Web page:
Although a stop sign can be a valuable and effective traffic control tool in the right place under the right circumstances, they can also be ineffective and dangerous in the wrong location. A stop sign is intended to help drivers and pedestrians identify who has the right-of-way at an intersection. Although stop signs have often been installed to address nuisances or reduce speeds, they have not been shown to have any measurable effect. In fact they often reduce safety in areas where there is no warrant for the sign. Specific findings:
In locations where vehicles do stop, the speed reduction is effective only in the immediate vicinity of the stop sign and frequently speeds are actually higher between intersections. For these reasons, stop signs should not be used as a speed control device.
When an unreasonable restriction is imposed, it may result in flagrant violations. This may result in conflicting actions caused by increased intentional violations and a false sense of an increased level of safety in the area and at the intersection. This situation can create tragic results.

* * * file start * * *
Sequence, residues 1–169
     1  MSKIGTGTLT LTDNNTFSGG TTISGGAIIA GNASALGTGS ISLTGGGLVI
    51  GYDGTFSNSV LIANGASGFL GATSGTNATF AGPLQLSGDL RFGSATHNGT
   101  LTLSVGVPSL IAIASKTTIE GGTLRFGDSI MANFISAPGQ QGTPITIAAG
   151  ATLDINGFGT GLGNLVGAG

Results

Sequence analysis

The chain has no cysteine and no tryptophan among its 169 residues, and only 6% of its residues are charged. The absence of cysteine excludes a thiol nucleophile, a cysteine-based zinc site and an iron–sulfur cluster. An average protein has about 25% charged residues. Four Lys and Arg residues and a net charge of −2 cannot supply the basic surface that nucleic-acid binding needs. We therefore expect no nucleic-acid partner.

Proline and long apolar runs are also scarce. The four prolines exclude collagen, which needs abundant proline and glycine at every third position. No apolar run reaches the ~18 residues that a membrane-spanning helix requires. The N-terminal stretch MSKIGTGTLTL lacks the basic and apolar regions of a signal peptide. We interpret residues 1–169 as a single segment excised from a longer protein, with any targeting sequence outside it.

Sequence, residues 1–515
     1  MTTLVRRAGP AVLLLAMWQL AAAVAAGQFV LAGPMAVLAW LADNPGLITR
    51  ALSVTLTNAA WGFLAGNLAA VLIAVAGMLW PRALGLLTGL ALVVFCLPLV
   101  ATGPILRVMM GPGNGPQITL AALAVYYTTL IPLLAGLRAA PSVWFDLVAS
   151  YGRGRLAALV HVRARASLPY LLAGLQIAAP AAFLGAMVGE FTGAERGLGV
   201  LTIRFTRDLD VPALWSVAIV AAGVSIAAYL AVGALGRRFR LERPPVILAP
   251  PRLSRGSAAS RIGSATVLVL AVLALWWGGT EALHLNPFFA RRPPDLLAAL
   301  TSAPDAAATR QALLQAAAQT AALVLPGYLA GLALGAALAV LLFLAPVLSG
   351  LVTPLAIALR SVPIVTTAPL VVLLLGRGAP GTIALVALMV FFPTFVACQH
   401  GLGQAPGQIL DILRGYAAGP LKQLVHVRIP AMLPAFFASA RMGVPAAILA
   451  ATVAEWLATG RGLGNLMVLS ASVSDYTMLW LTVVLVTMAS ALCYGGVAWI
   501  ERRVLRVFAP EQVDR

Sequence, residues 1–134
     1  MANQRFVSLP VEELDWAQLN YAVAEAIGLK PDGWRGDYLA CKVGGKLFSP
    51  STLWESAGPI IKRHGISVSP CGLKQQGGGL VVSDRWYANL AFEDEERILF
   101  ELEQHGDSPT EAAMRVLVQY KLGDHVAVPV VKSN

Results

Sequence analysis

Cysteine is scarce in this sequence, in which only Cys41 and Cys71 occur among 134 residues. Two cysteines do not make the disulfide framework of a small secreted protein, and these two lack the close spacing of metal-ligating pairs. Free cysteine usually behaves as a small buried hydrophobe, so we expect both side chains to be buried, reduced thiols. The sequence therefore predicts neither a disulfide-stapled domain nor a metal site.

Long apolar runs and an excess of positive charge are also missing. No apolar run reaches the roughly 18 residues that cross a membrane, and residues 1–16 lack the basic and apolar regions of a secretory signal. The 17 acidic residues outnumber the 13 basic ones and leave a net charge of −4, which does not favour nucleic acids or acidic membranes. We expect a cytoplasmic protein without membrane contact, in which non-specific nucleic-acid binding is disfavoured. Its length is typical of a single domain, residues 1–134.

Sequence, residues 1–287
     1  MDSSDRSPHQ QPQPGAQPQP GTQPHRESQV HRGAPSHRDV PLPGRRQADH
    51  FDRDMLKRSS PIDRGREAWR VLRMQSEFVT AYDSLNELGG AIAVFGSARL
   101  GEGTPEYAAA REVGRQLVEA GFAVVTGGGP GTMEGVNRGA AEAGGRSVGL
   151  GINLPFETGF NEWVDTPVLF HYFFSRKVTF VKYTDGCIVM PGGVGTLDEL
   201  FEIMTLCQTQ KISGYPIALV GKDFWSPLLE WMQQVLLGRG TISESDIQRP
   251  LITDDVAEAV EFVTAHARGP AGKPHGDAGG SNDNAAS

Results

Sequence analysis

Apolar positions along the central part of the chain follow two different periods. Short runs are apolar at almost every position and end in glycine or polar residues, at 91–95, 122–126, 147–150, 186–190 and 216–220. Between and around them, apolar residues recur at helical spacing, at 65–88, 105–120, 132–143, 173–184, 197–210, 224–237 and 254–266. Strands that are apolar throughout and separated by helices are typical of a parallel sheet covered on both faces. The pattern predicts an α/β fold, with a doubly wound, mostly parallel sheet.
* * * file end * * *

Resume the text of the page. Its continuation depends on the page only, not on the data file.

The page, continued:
Interesting Statistics from Mn/DOT Research:
The percentage of vehicles that make a full stop dropped from 47% in 1931 to 19% in 1981.
The percentage of vehicles that make a "rolling stop" has increased from 42% to 65% in the same time period, while flagrant violations have increased from 11% to 16%.
Also, although a stop sign is fairly inexpensive to install, its total ongoing cost can be significant. A typical stop will cost the following per 1,000 vehicles: $18,000 in excess vehicle operation costs, 1400 hours of lost time, 8300 gallons of extra fuel, 8400 pounds of carbon monoxide emissions, 600 pounds of hydrocarbon emissions and 600 pounds of nitrogen oxide emissions.
For these reasons, the County will be very judicious in where stop signs are placed.